What had brought deep darkness in my life became the springboard I so needed to regain a sense of purpose. Doing nothing is not a recovery plan when things have gone wrong.

Help someone in worse condition than you
Volunteer at any charity program that is important to you
When at a restaurant buy a meal for a senior citizen
Teach at risk students something that can help them
Volunteer to coach youth sports
Offer free service to train seniors how to survive with technology
Ask for help—this is not a sign of weakness
Write down your experiences and expectations and share them with a person that you know will encourage you

NOTE: You can have Dr. Kituku provide his professional speeches and training to your organization and raise funds to sponsor orphans, children of widows and/or provide a means for predictable livelihood for single mothers. Or you can offer to sponsor a student. Sponsors (those who commit a minimum of $250/year, but any amount of contribution helps) get their student’s name, photo, school name, the address and principal’s contact (including phone number). The $250 is 100% used for tuition and fees while undesignated funds are used for operational purposes.

To help, mail a check to:
Caring Hearts and Hands of Hope Inc,
Idaho United Credit Union, P.O Box 2268, Boise, ID 83701.
(This is a non-profit program—Federal ID # 27-3127770)


When it happens, you remember it for the rest of your life. It is a moment when you feel like you have been given a new lease on your life. The cloud that has darkened your soul is lifted. You have a rekindled hope. A focused sense of who you are regardless of the prevailing circumstances. Your purpose in this world is renewed. You can’t lie low any longer. You hold your head up once again because there is a tomorrow to look forward to.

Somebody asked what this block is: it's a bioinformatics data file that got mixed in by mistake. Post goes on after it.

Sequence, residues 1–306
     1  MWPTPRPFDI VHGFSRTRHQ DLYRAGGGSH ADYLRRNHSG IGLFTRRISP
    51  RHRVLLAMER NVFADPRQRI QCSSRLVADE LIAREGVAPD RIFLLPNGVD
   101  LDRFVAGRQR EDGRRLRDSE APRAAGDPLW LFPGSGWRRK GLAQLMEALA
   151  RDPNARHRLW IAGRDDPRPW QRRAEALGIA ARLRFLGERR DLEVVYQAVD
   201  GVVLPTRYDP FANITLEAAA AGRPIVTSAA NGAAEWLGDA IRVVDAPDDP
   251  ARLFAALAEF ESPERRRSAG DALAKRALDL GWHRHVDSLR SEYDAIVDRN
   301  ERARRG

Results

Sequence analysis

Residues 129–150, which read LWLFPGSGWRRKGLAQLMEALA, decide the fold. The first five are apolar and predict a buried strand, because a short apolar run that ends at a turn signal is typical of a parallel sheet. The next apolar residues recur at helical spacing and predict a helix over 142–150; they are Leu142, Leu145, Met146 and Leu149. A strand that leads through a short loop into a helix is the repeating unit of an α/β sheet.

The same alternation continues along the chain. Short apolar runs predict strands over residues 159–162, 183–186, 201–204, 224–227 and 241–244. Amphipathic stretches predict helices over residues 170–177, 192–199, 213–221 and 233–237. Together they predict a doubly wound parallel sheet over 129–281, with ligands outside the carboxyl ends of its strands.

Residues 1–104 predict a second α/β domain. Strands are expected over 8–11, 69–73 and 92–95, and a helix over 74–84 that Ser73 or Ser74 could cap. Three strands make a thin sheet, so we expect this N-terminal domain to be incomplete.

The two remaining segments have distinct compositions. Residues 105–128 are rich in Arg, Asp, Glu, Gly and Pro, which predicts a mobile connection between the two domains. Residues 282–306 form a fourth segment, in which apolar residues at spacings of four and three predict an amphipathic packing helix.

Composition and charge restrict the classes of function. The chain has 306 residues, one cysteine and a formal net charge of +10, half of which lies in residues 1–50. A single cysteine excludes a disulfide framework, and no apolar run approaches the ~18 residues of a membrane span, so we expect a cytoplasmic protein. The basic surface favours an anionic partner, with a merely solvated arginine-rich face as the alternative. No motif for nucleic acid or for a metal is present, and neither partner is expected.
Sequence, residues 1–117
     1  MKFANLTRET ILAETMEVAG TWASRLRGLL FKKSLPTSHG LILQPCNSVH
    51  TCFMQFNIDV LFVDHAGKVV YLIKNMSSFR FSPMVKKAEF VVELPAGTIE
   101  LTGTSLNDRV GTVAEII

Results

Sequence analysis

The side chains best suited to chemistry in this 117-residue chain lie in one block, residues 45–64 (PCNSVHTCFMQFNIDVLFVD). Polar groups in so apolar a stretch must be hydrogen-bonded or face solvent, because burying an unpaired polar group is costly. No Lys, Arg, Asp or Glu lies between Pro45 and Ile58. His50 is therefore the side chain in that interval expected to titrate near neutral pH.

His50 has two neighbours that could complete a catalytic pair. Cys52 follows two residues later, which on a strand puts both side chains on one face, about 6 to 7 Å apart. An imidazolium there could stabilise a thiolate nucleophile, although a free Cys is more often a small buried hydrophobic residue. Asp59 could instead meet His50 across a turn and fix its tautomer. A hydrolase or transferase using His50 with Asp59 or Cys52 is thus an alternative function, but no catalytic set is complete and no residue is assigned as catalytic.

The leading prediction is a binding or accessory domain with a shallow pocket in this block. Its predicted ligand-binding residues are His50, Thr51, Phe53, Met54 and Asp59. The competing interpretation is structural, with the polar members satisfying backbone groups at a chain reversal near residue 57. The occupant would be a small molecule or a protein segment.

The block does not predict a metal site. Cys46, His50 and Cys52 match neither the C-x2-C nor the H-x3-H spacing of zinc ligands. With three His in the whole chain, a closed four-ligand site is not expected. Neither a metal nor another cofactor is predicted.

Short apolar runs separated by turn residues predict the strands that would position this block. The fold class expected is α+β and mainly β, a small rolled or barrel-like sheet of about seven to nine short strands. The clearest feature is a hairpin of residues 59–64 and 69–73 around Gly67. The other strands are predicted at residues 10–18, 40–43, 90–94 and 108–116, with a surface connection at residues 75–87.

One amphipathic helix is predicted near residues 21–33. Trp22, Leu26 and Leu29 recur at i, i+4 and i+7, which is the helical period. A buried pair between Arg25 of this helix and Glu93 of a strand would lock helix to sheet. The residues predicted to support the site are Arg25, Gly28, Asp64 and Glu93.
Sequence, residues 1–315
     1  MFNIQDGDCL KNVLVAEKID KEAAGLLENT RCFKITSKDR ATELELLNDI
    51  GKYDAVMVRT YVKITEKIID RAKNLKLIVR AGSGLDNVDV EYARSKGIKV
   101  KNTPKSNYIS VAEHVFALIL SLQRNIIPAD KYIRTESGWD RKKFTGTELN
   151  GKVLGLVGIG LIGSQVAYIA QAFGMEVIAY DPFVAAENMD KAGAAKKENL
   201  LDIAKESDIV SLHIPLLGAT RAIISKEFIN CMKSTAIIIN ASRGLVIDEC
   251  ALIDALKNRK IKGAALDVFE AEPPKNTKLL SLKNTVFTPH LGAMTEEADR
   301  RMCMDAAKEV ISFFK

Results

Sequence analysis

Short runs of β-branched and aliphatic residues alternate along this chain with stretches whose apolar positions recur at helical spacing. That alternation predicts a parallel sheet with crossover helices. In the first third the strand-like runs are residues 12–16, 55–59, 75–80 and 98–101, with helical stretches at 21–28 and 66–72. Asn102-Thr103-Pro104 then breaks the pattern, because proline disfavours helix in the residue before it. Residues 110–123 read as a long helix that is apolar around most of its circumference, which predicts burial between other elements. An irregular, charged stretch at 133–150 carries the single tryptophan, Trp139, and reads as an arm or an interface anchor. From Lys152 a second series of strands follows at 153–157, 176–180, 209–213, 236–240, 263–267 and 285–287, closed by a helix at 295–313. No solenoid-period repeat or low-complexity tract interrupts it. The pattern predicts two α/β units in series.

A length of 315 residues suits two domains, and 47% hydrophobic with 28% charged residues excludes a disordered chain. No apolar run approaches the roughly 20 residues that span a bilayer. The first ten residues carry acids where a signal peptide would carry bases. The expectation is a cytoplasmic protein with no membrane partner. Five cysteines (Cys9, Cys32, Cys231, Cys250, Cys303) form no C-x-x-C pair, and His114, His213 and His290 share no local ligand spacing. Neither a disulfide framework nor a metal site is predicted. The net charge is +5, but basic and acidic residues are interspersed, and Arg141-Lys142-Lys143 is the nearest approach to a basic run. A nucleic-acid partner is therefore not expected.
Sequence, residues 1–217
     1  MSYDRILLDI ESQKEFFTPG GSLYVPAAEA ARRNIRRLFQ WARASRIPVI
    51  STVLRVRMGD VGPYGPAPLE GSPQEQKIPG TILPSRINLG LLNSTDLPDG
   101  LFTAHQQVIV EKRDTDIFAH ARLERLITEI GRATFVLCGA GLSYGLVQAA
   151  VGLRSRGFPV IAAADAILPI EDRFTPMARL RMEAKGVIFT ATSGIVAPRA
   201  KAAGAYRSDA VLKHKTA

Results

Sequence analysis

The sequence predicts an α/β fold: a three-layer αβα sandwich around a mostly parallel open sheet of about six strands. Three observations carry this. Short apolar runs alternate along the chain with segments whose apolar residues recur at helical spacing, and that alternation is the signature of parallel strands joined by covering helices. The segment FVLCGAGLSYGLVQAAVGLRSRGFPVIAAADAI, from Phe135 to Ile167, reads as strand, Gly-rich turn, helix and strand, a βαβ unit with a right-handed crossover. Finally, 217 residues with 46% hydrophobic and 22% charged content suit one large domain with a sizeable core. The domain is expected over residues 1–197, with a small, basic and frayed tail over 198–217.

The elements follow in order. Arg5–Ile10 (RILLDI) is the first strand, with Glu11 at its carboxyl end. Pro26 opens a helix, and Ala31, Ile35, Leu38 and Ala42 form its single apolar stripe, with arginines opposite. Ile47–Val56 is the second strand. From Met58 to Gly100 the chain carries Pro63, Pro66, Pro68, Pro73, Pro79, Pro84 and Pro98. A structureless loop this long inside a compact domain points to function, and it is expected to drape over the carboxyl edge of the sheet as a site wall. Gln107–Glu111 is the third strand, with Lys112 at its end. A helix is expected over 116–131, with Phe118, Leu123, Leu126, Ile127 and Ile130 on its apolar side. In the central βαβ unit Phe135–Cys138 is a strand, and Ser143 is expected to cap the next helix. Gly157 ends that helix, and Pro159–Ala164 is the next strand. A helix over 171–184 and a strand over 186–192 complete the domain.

I was serving Eve of Thanksgiving dinner at the Boise Rescue Mission when one of the Idaho’s elected officials happened to be there with his wife. The director of the Men’s Program at Boise Rescue Mission showed me a copy of the Mission’s Book that I wrote a few years ago. In that book was a page with an old photo of the elected official serving food at the Mission.

During a short break, I showed him the photo. His whole body responded the way one reacts after meeting with a loved one who had disappeared and left no hope for his coming back. With unreserved excitement, he called his wife, “Honey, come see this!” As she was admiring his youthful appearance of years gone by, he said, “Vincent, thank you for showing me this photo. I came to serve food but left feeling like I had a moment of self-redemption.”

Out of curiosity I asked him, “Why?” What he said and how he said it left a mark in my heart. “Vincent, that moment occurred at the time I was going through a divorce and I had just been arrested for DUI.”

His shining face explained what else he didn’t say in words.

As I drove home I recalled experiences of unexplained fulfillment even when not assured of the next meal as I left a prison where my mother had sent me to give some food to an incarcerated relative. That experience reappeared in high school when I helped raise money for youth activities or after teaching adults how to count from 1 to 10 or to say their ABCs.